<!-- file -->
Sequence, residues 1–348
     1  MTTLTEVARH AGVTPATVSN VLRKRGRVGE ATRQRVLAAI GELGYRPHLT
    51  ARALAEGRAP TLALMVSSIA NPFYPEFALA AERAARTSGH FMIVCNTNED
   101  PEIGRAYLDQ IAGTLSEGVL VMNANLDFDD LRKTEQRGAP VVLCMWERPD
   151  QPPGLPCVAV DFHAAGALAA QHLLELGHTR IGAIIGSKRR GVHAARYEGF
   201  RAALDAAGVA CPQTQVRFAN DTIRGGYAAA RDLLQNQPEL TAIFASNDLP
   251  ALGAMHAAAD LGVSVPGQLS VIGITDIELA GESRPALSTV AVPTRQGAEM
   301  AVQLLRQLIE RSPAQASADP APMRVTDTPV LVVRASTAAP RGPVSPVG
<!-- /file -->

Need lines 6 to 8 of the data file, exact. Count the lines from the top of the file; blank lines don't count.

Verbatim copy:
   201  RAALDAAGVA CPQTQVRFAN DTIRGGYAAA RDLLQNQPEL TAIFASNDLP
   251  ALGAMHAAAD LGVSVPGQLS VIGITDIELA GESRPALSTV AVPTRQGAEM
   301  AVQLLRQLIE RSPAQASADP APMRVTDTPV LVVRASTAAP RGPVSPVG